You live in Los Altos Hills and your lumping yourself it seems in with the working class? In general I don't think most people in Los Altos Hills would be classified as middle class, lower middle class or working stiff. I am quite sure there are not too many if any local goverment workers living in Los Altos Hills.
You can blame the real elite on Wall Street and in the corporate world for the current economic situation. Executive and CEO pay and perks are the highest they have ever been in history. It's actualy sad that so many people are to ill informed to see that the rich are just getting richer while the middle class continues to shrink.
Corporate America can afford to pay their workers better and take part in health and retirement plans. They have instead chosen to shift that burden to the workers and the tax payers.
When times were good in the 1990's nobody though anything about a cop or firefighter making $100,000 a year. They were not the ones getting bonuses or stock options.
I love the current mentality many people have, they lost benefits or have no job security now so they automaticly want to see others have theirs taken away.
People make choices, if somebody made the choice to go into the corporate world and get rich and reaped the benefits for many years than good for them. They made a choice, so did the goverment worker. But instead of perks, bonuses and stock options they chose a decent salary and good benefits.

Posted by no such luck, a resident of Crescent Park
on Jul 1, 2011 at 10:30 am

Jake, Palo Alto can't afford the benefits. No city can.
You said it yourself, when the times were good, the city could afford to pay $100,000. Now the times aren't good and the cannot afford to pay it.
That's the way the cookie crumbles. It's not about "taking away" it's about paying going rates under the current climate for the services. You can't declare yourself immune to the prevailing economic situation.

Posted by Walter_E_Wallis, a resident of Midtown
on Jul 1, 2011 at 11:44 am

Walter_E_Wallis is a registered user.

A city that still gives out $250,000 contracts to study topics unrelated to governance needs to trim the effluvia before it cuts the bone.

Posted by Steven, a resident of Southgate
on Jul 1, 2011 at 11:48 am

Ann is right. And portraying public workers as middle class stalwarts is misleading. The seven private sector tax-payers who are writing the oversized checks (and pension checks) to their one public sector counterpart are going to find it harder and harder to maintain their own middle class existence, just so one entitled public worker can have a bloated pension. Wasting taxpayer money by overpaying for public services is what is bad for the middle class.

Posted by amazed by politics, a resident of Palo Verde
on Jul 1, 2011 at 3:57 pm

Why has City leadership not cut nor reduced city community services? could not one or two libraries close and move staff to other locations and expand hours gently to still serve the public AND reduce costs???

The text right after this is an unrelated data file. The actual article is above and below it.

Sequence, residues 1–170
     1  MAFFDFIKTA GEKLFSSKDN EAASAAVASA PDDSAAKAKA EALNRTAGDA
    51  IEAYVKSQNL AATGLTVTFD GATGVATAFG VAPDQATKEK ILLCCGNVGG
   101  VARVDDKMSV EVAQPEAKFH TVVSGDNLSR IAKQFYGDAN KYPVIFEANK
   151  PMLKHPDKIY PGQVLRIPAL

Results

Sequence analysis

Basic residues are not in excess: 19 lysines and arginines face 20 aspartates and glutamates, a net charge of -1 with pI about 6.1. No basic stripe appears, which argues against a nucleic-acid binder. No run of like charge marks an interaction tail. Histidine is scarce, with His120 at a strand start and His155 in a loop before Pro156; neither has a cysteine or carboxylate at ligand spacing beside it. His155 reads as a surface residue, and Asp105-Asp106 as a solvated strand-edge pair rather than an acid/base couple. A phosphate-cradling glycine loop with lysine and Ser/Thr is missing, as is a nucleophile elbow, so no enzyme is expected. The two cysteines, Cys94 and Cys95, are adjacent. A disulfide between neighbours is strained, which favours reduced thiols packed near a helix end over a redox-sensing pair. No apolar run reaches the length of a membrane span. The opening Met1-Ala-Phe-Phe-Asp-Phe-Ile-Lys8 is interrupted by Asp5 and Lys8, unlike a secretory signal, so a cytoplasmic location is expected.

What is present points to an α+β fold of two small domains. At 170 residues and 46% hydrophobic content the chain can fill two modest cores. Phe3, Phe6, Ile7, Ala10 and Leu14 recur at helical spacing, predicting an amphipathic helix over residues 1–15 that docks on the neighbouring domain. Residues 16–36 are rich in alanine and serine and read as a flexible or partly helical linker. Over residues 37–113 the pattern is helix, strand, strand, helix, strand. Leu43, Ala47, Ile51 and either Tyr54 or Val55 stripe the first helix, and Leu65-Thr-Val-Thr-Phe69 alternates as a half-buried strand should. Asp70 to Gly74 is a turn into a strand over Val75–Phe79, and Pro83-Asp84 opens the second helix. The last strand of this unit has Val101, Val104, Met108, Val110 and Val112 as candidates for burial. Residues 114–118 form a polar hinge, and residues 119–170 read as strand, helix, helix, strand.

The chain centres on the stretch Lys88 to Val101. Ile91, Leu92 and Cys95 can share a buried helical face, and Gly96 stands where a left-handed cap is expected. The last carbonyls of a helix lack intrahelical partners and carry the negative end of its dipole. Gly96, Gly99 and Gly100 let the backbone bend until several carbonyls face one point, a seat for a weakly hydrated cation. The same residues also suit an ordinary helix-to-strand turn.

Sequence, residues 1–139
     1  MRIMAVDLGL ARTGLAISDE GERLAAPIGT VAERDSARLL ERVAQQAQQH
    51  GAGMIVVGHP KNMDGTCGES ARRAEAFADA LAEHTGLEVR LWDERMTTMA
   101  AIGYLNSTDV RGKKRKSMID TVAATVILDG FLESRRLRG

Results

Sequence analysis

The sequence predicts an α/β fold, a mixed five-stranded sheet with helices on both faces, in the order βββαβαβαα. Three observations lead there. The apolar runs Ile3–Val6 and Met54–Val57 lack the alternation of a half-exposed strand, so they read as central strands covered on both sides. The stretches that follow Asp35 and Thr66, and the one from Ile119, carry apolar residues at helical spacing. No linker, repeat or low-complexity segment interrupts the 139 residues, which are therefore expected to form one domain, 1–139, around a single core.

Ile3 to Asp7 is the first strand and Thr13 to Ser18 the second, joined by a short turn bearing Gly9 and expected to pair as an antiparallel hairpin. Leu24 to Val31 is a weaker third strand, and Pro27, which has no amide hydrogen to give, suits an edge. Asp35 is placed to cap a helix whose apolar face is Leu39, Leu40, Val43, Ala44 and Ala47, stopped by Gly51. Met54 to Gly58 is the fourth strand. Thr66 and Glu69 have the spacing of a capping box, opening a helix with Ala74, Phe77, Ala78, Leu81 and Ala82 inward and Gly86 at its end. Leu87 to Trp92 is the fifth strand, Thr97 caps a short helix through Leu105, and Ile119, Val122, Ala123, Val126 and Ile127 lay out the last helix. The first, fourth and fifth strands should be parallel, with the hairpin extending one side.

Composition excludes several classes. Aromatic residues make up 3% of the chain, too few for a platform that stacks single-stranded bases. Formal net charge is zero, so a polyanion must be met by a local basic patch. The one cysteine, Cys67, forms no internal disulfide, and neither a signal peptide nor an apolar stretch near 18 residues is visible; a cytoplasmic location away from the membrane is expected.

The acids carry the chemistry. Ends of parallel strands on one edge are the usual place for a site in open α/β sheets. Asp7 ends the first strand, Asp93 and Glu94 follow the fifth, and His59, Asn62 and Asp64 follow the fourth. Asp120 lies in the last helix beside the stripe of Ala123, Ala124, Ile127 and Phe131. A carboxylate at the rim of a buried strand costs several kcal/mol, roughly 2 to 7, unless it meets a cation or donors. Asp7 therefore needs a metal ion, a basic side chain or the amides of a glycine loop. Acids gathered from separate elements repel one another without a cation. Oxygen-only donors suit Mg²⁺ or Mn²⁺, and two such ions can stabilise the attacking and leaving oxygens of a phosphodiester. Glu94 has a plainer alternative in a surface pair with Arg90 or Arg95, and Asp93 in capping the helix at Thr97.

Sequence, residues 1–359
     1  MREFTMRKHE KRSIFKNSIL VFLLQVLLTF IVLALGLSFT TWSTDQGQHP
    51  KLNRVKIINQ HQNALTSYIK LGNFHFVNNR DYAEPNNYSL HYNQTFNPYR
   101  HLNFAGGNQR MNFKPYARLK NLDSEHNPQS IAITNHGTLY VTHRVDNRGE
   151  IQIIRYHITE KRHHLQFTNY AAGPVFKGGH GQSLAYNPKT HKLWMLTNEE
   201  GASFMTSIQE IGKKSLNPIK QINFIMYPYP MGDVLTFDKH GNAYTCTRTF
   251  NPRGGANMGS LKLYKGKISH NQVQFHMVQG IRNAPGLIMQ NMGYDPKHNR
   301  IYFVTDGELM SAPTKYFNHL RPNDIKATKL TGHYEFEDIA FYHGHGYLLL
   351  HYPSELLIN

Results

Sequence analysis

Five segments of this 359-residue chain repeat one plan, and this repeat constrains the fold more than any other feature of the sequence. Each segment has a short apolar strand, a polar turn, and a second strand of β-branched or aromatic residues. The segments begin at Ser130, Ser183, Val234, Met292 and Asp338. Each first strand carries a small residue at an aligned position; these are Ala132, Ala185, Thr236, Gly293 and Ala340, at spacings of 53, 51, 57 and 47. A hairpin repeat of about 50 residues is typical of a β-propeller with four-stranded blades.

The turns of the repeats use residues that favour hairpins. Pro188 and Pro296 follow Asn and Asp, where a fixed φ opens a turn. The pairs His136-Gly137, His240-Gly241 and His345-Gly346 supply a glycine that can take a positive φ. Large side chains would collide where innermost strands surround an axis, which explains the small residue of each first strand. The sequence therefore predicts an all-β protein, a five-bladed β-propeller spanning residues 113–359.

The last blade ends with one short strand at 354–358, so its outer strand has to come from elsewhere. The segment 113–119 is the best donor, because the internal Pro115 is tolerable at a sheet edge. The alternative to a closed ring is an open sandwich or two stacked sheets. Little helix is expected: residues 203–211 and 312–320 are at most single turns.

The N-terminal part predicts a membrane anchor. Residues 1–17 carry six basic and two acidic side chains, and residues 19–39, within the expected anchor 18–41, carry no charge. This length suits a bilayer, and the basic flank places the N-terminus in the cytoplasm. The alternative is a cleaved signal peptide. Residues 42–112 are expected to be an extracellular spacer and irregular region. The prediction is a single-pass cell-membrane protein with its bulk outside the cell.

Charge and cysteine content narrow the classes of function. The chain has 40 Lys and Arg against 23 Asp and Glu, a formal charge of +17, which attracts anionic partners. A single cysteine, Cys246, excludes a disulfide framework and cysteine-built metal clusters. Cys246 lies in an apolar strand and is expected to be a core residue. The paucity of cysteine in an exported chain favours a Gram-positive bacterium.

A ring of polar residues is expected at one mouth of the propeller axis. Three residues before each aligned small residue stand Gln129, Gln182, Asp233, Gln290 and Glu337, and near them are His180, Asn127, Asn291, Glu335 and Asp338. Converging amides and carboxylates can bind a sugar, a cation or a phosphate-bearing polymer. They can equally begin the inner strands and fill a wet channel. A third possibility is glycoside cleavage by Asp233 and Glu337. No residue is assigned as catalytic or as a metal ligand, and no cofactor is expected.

And how much are the leaders getting paid? oh yeah, it's the politics. Just like the SJ City Manager who stated "it was a tough decision. we had to either lay off those 60+ officers or close libraries." LOL yeah, i'm still shaking my head on that one.


Posted by brilliant!, a resident of Downtown North
on Jul 1, 2011 at 5:37 pm

Yes, Amazed! We should close all the libraries and cut all the services so we can meet the city staff payroll!

Posted by bill reller, a resident of Crescent Park
on Jul 1, 2011 at 5:55 pm

let the community vote on the arbitration matter. We voted it in almost two generations ago, is it not time to take another look?

Posted by PAT, a resident of Adobe-Meadow
on Jul 1, 2011 at 10:23 pm

to Ann...Work until 65, are you out of your mind? The physical toll on officers and firefighters in unlike the private sector. It is not uncommon for injuries because it is pain staking work. You try carrying or wrestling a 250 lb guy and see how your body reacts. Actually, just try carrying equipment everyday for 11-12 hour shifts. Do you really want a 65 year old fighting a 20 year old criminal?

In regards to pensions. FF and PD do not contribute to social security like the private sector (not that it is a great retirement plan for anyone). They do not have a 401k. Government investing in 401k options could be a conflict of interest and maybe that is why they do not have that option. Honestly, if it is not a conflict I could see researching 401k instead of pensions. ON the other hand these men and women have jobs that make them risk their lives everyday. They are willing to protect us and put themselves in harms way...don't we owe them something for their willingness to risk their lives?

Min staffing is wrong. Cities change and with it so do the services. If the city population decreases then less men and women are needed. FF need to stop pushing for min staffing and accept defeat on the issue.